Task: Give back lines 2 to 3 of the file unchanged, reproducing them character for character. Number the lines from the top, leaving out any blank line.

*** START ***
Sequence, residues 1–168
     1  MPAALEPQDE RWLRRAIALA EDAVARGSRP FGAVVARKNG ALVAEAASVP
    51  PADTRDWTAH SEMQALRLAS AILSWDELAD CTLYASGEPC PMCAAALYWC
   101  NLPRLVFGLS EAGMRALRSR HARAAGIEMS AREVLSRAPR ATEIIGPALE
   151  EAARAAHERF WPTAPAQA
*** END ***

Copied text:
     1  MPAALEPQDE RWLRRAIALA EDAVARGSRP FGAVVARKNG ALVAEAASVP
    51  PADTRDWTAH SEMQALRLAS AILSWDELAD CTLYASGEPC PMCAAALYWC